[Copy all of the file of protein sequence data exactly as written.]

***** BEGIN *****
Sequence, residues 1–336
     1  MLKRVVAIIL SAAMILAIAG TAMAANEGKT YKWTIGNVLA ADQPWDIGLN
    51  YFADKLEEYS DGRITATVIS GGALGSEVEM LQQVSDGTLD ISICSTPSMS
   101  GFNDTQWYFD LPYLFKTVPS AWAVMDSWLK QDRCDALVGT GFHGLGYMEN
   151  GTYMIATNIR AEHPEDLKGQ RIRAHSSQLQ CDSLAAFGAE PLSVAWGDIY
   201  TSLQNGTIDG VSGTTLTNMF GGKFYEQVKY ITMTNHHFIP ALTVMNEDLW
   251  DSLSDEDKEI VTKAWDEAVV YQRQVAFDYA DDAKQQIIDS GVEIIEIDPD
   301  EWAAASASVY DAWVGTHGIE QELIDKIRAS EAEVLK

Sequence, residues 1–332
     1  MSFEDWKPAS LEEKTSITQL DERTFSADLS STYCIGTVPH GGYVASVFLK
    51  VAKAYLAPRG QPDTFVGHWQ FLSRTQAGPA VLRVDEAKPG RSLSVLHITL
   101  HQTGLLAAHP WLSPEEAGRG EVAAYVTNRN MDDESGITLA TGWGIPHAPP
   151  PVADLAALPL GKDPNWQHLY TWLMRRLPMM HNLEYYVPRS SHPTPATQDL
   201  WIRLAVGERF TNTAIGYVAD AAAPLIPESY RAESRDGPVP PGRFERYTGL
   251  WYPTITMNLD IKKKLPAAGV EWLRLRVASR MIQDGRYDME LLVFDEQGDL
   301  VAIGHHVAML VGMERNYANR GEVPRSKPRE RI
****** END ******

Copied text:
Sequence, residues 1–336
     1  MLKRVVAIIL SAAMILAIAG TAMAANEGKT YKWTIGNVLA ADQPWDIGLN
    51  YFADKLEEYS DGRITATVIS GGALGSEVEM LQQVSDGTLD ISICSTPSMS
   101  GFNDTQWYFD LPYLFKTVPS AWAVMDSWLK QDRCDALVGT GFHGLGYMEN
   151  GTYMIATNIR AEHPEDLKGQ RIRAHSSQLQ CDSLAAFGAE PLSVAWGDIY
   201  TSLQNGTIDG VSGTTLTNMF GGKFYEQVKY ITMTNHHFIP ALTVMNEDLW
   251  DSLSDEDKEI VTKAWDEAVV YQRQVAFDYA DDAKQQIIDS GVEIIEIDPD
   301  EWAAASASVY DAWVGTHGIE QELIDKIRAS EAEVLK

Sequence, residues 1–332
     1  MSFEDWKPAS LEEKTSITQL DERTFSADLS STYCIGTVPH GGYVASVFLK
    51  VAKAYLAPRG QPDTFVGHWQ FLSRTQAGPA VLRVDEAKPG RSLSVLHITL
   101  HQTGLLAAHP WLSPEEAGRG EVAAYVTNRN MDDESGITLA TGWGIPHAPP
   151  PVADLAALPL GKDPNWQHLY TWLMRRLPMM HNLEYYVPRS SHPTPATQDL
   201  WIRLAVGERF TNTAIGYVAD AAAPLIPESY RAESRDGPVP PGRFERYTGL
   251  WYPTITMNLD IKKKLPAAGV EWLRLRVASR MIQDGRYDME LLVFDEQGDL
   301  VAIGHHVAML VGMERNYANR GEVPRSKPRE RI